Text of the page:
Despite their efforts to boost home-run production, which led to the signing of Jason Bay, the Mets insist that lowering the centerfield wall is not part of that strategy. The team confirmed Tuesday that it will slice the 16-foot-high wall in half to make it uniform with the stretch of 8-foot fence that runs along the outfield border.
Sensitive to the perception of their second-year ballpark, the Mets claimed that the cosmetic change will be done for "aesthetic purposes" and not to make up for a lack of homers. Citi Field averaged 1.60 home runs per game and five stadiums hosted fewer long balls: San Diego's Petco Park, San Francisco's AT&T Park, Dodger Stadium, Atlanta's Turner Field and St. Louis' Busch Stadium.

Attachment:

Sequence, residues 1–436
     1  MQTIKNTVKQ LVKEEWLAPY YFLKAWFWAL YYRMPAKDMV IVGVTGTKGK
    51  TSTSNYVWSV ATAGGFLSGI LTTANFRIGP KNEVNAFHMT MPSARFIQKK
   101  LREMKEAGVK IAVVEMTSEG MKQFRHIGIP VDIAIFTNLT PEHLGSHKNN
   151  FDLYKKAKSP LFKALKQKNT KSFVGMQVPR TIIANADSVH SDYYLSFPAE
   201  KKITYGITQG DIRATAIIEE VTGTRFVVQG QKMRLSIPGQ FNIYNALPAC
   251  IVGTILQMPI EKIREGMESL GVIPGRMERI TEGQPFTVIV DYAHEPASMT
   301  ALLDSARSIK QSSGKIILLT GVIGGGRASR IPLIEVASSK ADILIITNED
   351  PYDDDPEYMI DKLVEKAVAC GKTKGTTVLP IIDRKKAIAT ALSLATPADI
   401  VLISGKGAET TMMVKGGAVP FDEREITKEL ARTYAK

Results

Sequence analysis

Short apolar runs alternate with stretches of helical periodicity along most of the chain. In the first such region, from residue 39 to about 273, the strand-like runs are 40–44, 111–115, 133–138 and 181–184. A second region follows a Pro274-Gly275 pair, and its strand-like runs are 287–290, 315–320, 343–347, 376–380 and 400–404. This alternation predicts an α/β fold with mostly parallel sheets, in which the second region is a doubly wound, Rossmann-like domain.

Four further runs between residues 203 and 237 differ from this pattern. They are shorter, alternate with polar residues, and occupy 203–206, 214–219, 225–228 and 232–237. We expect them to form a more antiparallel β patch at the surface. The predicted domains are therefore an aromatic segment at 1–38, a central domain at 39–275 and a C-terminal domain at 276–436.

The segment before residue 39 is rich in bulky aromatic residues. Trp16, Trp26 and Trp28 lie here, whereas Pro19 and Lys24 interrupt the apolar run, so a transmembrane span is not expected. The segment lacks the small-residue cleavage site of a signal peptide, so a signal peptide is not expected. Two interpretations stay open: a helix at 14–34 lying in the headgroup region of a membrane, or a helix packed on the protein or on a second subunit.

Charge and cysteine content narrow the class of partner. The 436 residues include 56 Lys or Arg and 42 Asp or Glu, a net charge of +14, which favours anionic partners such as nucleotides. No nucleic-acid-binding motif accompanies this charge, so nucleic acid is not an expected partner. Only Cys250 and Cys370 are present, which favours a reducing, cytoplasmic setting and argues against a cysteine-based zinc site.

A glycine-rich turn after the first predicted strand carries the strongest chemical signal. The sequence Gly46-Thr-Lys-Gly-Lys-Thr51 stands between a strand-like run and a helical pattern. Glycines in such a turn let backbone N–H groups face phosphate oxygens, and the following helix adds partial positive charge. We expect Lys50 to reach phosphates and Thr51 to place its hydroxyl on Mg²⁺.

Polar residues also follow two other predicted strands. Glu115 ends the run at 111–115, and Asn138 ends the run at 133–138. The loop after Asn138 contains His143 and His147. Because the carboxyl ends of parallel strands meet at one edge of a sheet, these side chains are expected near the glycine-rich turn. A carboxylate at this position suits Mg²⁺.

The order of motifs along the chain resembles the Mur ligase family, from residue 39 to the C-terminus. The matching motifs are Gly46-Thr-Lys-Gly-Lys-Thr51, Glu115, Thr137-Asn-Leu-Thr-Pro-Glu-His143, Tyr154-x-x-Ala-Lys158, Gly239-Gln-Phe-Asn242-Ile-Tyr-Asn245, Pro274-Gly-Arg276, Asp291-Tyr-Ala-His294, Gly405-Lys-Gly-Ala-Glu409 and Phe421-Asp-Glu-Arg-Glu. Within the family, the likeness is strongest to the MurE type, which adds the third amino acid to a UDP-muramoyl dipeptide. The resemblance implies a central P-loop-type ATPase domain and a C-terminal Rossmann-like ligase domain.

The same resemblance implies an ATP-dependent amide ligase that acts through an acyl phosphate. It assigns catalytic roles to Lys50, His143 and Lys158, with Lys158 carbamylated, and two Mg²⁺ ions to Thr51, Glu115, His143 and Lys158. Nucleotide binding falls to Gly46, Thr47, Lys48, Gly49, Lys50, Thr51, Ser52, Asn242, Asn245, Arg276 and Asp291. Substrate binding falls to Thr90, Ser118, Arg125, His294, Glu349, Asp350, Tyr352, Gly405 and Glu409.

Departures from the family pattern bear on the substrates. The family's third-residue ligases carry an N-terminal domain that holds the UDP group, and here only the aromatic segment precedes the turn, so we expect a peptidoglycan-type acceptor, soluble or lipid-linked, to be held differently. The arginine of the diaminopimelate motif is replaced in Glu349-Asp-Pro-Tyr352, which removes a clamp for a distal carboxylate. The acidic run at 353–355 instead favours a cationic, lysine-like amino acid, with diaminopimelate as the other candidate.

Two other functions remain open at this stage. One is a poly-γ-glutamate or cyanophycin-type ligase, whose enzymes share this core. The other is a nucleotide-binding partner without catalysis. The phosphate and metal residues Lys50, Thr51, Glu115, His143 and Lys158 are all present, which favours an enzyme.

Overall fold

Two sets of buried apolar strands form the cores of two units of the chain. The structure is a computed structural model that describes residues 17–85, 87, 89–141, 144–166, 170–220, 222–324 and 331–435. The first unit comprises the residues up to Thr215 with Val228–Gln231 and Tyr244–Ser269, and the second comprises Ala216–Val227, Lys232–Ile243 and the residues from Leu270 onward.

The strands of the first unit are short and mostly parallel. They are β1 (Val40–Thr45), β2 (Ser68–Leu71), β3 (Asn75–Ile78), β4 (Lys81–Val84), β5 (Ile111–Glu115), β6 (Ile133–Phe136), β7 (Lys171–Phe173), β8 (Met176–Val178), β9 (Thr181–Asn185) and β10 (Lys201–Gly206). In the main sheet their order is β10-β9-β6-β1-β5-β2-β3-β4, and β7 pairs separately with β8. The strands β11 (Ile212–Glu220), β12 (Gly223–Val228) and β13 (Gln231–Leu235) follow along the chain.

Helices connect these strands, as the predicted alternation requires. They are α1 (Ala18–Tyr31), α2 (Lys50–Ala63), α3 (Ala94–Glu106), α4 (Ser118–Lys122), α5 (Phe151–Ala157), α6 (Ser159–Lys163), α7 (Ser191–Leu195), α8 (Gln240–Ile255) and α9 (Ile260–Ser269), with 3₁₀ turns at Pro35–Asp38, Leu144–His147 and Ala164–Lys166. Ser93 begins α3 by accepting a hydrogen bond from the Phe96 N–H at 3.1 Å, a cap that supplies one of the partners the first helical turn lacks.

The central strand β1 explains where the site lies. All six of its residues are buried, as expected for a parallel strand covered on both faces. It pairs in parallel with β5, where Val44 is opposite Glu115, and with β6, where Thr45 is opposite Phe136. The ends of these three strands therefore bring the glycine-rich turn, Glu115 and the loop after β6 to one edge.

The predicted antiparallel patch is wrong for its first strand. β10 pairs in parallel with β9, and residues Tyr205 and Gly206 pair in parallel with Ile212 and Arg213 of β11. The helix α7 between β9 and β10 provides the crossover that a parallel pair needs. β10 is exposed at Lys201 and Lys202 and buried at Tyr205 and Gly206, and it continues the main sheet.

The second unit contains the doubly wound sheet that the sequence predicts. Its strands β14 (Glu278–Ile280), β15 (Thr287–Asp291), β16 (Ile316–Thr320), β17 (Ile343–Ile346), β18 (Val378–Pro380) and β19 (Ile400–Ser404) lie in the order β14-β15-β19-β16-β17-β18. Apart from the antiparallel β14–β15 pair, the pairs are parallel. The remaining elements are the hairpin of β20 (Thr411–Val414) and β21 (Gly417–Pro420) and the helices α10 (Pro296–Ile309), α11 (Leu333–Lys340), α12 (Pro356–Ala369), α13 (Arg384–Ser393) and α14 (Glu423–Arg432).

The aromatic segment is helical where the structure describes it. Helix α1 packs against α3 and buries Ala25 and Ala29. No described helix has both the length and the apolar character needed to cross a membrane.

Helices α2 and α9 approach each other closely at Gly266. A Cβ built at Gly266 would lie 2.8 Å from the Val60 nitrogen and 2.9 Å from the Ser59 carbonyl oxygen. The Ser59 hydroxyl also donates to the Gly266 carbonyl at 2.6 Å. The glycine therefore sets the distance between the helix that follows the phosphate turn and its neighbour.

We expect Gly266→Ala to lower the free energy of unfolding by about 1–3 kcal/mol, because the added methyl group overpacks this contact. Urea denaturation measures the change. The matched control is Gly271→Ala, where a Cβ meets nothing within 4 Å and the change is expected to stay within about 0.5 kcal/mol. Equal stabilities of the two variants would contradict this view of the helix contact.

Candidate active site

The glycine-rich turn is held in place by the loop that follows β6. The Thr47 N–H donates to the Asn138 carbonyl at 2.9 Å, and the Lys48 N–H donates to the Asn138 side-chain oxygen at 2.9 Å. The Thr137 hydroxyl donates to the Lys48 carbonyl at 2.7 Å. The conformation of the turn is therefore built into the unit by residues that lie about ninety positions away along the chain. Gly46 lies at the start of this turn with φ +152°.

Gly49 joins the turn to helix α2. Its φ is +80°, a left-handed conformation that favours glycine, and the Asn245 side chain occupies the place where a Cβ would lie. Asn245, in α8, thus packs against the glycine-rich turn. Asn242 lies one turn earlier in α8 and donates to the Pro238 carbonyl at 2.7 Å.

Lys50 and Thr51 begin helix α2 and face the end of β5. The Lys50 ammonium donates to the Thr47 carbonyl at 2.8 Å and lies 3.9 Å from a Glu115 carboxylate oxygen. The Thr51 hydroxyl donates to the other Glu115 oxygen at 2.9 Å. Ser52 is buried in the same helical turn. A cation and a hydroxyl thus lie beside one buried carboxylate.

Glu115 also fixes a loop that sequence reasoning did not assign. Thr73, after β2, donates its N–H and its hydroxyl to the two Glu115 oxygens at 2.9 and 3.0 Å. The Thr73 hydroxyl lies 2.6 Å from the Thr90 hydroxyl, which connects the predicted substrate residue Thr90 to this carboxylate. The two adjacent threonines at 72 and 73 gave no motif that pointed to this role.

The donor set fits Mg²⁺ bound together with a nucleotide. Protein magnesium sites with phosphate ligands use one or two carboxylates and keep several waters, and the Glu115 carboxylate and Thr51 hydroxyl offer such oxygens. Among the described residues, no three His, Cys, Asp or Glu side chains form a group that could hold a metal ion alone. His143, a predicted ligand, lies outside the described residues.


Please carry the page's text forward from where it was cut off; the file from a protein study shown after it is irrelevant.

Even with the cutout removed in front of the Home Run Apple, that section of wall remains 408 feet from the plate, and few balls traveled that far last season. Still, Wright was robbed of home runs a few times by the extra-high fence.
Trimming the height of the centerfield wall is one of a number of changes at Citi Field for its second season. The much-anticipated Hall of Fame is under construction where the team store used to be located and the Mets also are remodeling the bullpens to enable opposing teams to have an unobstructed view of the playing field.